Heat or ice packs are generally not recommended in areas with reduced or altered sensation (such as with peripheral neuropathy), especially if the person has cognitive or memory loss issues and might forget to follow precautions. The following precautions apply for anybody using heat or ice packs.
- Visual checks: Remove the heat/ice pack regularly to conduct a visual check – look at the skin to check for redness, swelling or discolouration
- Timing: Apply for 20 minutes at a time, then have a 2-hour break
- DO NOT use a heat or ice pack while you sleep
- Temperature: Test the temperature of heat packs on another area of the body, such as the inside of your wrist. Ask someone else to test the temperature for you if you know your sensation is poor
- DO NOT apply heat/ice packs directly to the skin – wrap them in multiple layers of a towel or cloth
How can a physio help?
1. Balance training
- Exercise, especially exercise including balance training, has been found to reduce the risk of falls in older people
- There are many systems in your body which help to control your balance, including your brain, your muscles and nerves, your sensation, your vision and your inner ear. Your physiotherapist can help you strengthen these systems to improve your balance, which can help compensate for poor sensation in your feet due to peripheral neuropathy.
- Balance training may include stepping to targets on the ground, walking heel-toe as if on a tightrope or keeping your balance with your eyes closed. There are endless variations!
- It is important to start any exercise program under guidance from a professional. As balance training will challenge your stability, it is important to start at the right level so you are safe and do not fall over!
- Your physio can tailor the activities and exercises to your personal goals and challenges in your day-to-day life, so you get the maximum benefit from your hard work.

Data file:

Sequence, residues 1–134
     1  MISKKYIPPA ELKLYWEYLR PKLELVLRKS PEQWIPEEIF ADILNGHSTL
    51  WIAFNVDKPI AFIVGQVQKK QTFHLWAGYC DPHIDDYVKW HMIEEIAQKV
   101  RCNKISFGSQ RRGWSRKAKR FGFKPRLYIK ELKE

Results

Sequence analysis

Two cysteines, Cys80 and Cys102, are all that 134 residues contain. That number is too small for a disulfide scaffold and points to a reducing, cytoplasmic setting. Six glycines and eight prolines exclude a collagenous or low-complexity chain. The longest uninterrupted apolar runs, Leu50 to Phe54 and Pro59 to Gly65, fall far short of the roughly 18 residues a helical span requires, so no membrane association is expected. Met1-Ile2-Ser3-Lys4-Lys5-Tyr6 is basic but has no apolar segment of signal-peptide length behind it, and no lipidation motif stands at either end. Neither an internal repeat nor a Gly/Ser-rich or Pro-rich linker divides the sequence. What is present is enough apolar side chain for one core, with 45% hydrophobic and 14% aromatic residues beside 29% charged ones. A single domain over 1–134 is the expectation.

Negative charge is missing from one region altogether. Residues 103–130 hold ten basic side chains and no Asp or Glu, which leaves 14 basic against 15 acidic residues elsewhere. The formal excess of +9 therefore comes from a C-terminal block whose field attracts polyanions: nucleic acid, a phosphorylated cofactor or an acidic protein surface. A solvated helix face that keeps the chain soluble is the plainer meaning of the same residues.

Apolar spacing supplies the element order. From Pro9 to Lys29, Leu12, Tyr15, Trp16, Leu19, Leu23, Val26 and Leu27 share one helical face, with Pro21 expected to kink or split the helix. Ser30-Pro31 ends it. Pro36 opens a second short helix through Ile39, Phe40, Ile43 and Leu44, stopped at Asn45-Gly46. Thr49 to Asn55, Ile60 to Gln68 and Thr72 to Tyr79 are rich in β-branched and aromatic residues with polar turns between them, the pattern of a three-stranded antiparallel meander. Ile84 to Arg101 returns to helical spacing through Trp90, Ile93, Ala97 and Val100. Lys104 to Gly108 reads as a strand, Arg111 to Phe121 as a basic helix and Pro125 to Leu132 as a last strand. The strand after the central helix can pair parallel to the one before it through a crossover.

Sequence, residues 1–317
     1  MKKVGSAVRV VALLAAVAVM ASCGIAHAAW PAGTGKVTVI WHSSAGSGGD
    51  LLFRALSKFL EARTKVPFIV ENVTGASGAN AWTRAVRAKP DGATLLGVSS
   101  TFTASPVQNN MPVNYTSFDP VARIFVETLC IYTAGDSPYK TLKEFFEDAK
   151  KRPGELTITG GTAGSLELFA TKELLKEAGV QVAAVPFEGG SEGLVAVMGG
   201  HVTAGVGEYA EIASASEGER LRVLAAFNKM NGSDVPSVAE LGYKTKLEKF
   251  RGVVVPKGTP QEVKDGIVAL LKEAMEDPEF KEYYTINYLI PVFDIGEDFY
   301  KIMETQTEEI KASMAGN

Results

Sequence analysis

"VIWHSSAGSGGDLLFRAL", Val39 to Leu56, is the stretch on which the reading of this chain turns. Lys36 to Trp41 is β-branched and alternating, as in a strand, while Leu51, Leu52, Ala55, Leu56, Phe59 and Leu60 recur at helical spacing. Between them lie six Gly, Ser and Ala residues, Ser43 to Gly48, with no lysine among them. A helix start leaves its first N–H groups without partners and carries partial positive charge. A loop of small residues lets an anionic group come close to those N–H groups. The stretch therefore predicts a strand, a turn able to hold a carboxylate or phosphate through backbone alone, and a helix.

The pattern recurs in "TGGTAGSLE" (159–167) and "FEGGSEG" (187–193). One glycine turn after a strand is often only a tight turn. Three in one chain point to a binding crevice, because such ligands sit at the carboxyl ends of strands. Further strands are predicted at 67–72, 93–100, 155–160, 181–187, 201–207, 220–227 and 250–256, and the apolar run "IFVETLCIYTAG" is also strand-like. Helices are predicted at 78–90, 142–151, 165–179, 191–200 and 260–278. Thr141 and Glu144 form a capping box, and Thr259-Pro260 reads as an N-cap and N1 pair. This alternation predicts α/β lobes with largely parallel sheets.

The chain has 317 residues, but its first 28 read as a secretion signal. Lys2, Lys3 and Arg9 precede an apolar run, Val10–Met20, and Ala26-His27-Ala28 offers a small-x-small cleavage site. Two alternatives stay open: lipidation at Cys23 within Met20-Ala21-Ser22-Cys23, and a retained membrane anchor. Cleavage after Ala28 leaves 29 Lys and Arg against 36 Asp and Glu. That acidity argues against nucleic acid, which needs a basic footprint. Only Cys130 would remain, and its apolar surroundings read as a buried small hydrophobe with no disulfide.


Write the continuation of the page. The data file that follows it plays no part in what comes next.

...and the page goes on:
2. Reducing falls hazards in the home, including:
- Spotting clutter and tripping hazards.
- Recommending equipment – physiotherapists can recommend mobility equipment such as walking frames to give extra support and confidence to people with poor balance.
- Your physiotherapist may suggest other home equipment such as a shower chair (to sit down while you shower), rails or non-slip mats, and will likely suggest you seek out an occupational therapist for their expertise in equipment.
- Continued education on self-help and preventative strategies, such as those described throughout this article.
4. Coordinate your team
- Physiotherapists are broadly trained, and can identify issues that will be best cared for by another health professional. Your physio can point you in the right direction to address falls risk factors such as medication side effects (e.g. dizziness), wearing bifocal glasses or having unsupportive footwear.
Who else can help?
- Foot care, including cutting your nails, to keep your feet clean and healthy, and checking for injuries or abnormalities.
- Footwear recommendations:
- to prevent blisters or pressure sores
- to prevent falls – you need supportive, well-fitting (not loose) shoes with a good grip on the soles.
- to prevent musculoskeletal injuries from walking in shoes that may put unnecessary pressure on particular joints, muscles or ligaments.
- Your eyesight is very important to your balance. If your balance is already reduced by poor sensation in your feet it becomes even more important to ensure your vision is the best it can be.
Diabetes specialist (nurse or doctor)
- Controlling your diabetes can prevent or slow the progression of peripheral neuropathy.
- Help to coordinate your care, and advise how often each of the above services should be utilised.
- Treat or manage the underlying cause of your peripheral neuropathy, to prevent or slow down any worsening of the condition.
- Prescribe medications to help relieve pain.
At The Physio Co (TPC), we strive to make a meaningful difference by helping to improve the overall well-being of Australia’s seniors. If you’d like more guidance on how to help your elderly Mum or Dad live a more active, independent life, please get in touch! Our team of physiotherapists are here to help: call today for a no-obligation chat on 1300 797 793.
Article written by Tessa Machin, TPC physiotherapist